Joe Biden Can Inspire Young People — If He Listens to ThemRoundup
tags: education, Joe Biden, election 2020, Montessori, youth vote
Erica Moretti is an assistant professor of modern languages and cultures at the Fashion Institute of Technology–SUNY, and is currently writing a book on Maria Montessori's theory of pacifism and children's rights.
Joe Biden faces a crucial conundrum in his quest to win the presidency: How can he energize young voters, even as at 77, even though he is of a decidedly different generation and was not their candidate of choice during the Democratic primaries? Biden is also hampered by his desire to build the broadest coalition possible ideologically. And young voters have a track record of voting in lower numbers — even though polling shows they lean overwhelmingly Democratic. How Biden tackles this challenge may determine whether he wins or loses.
One possible answer: trusting and embracing young voters and their opinions. The Italian educator Maria Montessori, born 150 years ago, worked throughout her life to force politicians and governments to address children, whose potential as political actors was largely ignored. As a progressive educator, Montessori rethought the classroom entirely, putting the child at its center and regarding the teacher as a mere facilitator of the learning process.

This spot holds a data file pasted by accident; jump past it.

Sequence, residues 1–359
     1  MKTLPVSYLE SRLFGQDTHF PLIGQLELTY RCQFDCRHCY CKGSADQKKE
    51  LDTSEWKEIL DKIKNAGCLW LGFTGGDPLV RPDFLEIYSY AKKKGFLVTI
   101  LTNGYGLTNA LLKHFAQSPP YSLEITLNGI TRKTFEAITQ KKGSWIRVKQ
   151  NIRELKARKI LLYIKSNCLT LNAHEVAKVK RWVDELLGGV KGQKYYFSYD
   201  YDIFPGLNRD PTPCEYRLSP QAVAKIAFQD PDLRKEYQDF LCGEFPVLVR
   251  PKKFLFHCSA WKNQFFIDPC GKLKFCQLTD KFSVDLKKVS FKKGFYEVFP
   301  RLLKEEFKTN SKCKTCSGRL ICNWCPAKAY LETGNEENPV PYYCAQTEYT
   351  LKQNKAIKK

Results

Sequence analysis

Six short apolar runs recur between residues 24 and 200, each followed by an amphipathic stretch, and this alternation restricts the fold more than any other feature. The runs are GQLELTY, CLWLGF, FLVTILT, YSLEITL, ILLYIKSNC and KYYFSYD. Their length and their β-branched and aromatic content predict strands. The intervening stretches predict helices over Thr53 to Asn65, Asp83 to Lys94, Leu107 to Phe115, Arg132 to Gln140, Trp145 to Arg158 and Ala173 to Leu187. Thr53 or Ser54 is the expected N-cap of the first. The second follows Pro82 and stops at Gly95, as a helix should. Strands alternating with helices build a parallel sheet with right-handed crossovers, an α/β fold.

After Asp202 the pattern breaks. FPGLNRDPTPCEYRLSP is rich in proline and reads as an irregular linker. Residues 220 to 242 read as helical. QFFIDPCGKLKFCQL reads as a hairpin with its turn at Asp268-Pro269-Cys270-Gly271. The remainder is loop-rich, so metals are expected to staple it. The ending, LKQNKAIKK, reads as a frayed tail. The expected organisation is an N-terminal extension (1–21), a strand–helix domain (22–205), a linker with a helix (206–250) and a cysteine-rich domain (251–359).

Until the end of the 19th century, schools saw children as weak, feeble and dependent on adults for all their needs. Students were blank slates to be filled with knowledge by their teachers.
Montessori disagreed. She believed that even infants contributed actively and profoundly to the welfare of society at all levels. The early years of life are charged with what Montessori termed an immense creative power: children are builders of humanity, each the forger of their own character, physical health and intelligence. Youth, Montessori insisted, is the cornerstone of society.
In her view, a universal scientific, social and political commitment to liberating and focusing the power of children would prevent the formation of stunted, dysfunctional adults. To achieve this, the educational system would need to be radically reformed: the individual child would become central to the educational process, and his or her developmental needs were to guide the teacher in structuring everything else. All learning was to be self-directed by the child, under the supervision of the teacher.
Montessori herself designed specialized material that would help children identify, correct and learn from their own mistakes. Guided this way, the child would grow into a capable adult, with a strong sense of self, an ability to connect with others and the potential to be productive throughout his or her life.
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